The Oregon Senate passed a bill Thursday that could add 300,000 new voters to the state’s rolls right away and hundreds of thousands more in the future. Gov. Kate Brown, who introduced what supporters have labeled a first-of-its-kind bill last month when she was still secretary of state will, of course, sign it. The bill passed 17-13 along party lines with only one Democrat in opposition.
Colloquially called the “new motor voter” bill, it mandates the Oregon Department of Transportation to share with the secretary of state information on anyone who provides proof of residency, age and citizenship—all that is needed to register to vote.
Driver’s license data back to 2013 will be used to register Oregon citizens who haven’t yet signed up to vote. Postcards will be sent to these citizens notifying them that they have been automatically registered. The secretary of state’s office estimates that this mandate will add some 300,000 Oregonians to the voting rolls. Current registration is nearly 2.2 million.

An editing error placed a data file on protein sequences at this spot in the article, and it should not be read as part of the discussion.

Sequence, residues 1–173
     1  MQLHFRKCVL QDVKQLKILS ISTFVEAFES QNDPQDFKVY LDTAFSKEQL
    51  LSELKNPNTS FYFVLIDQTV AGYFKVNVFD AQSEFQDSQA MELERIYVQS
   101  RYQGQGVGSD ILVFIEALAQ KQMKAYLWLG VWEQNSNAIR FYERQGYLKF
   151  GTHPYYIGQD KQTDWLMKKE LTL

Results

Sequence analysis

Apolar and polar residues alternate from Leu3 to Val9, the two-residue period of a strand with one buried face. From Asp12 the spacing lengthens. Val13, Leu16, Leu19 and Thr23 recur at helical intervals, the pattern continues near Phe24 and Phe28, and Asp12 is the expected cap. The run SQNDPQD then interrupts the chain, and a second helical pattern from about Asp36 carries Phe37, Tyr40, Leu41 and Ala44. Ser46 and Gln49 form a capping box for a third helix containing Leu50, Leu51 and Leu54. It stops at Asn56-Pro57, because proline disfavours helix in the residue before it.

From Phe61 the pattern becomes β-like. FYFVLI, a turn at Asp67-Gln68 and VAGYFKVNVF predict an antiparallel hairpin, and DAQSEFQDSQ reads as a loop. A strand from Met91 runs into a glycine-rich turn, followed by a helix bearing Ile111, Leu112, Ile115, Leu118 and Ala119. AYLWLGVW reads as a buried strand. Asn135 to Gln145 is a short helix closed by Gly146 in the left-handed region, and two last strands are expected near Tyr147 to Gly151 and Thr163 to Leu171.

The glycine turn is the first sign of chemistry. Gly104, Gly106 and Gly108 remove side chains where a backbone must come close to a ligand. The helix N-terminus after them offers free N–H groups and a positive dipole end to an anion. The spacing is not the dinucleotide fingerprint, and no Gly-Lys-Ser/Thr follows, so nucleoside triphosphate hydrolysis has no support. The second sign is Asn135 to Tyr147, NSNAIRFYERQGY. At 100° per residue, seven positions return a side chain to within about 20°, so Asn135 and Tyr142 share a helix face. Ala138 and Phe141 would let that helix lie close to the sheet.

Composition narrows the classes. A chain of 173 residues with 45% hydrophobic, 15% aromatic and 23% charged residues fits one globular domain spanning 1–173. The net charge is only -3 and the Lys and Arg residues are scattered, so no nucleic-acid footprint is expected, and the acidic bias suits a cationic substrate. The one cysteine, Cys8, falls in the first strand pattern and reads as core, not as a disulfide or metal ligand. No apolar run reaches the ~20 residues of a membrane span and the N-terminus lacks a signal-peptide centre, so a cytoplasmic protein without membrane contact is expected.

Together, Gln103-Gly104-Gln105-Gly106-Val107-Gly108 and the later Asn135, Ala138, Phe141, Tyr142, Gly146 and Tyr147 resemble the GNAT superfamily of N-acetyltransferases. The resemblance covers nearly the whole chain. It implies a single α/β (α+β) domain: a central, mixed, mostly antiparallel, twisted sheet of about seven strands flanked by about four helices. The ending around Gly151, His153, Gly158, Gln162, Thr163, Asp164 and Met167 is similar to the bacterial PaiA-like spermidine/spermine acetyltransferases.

Oregon, one of
two three states where voting is exclusively by mail, had the fifth-highest voter turnout of the states in the 2014 midterm elections, 51 percent. Maine (58 percent), Wisconsin (56.5 percent), Alaska (53.8 percent) and Colorado (53.4 percent) were the states with higher turnout.
Among the reform groups that backed the bill was New York University’s Brennan Center for Justice:
“This legislation is an important paradigm shift on voter registration,” Wendy Weiser, director of the Democracy Program at the Brennan Center, said in a statement. “… This is a bold new standard that other states should work toward as a model for reform.”
On the other hand, Republicans, who have worked assiduously for the past few years trying to suppress the vote across the country, raised objections to the bill. During the two-hour Senate debate, they raised issues of ID theft and privacy. Advocates for the bill said it includes protections that address these concerns effectively. But there is another GOP concern:
Looming in the background of the debate was the potential impact on politics in the state. Republicans have privately expressed concern that it could give Democrats a further advantage in elections. Brown, when she was still secretary of state, said the bill was “agnostic” politically and would increase registration in both urban and rural areas of the state.
This is the kind of bill we ought to see imitated in 49 other states.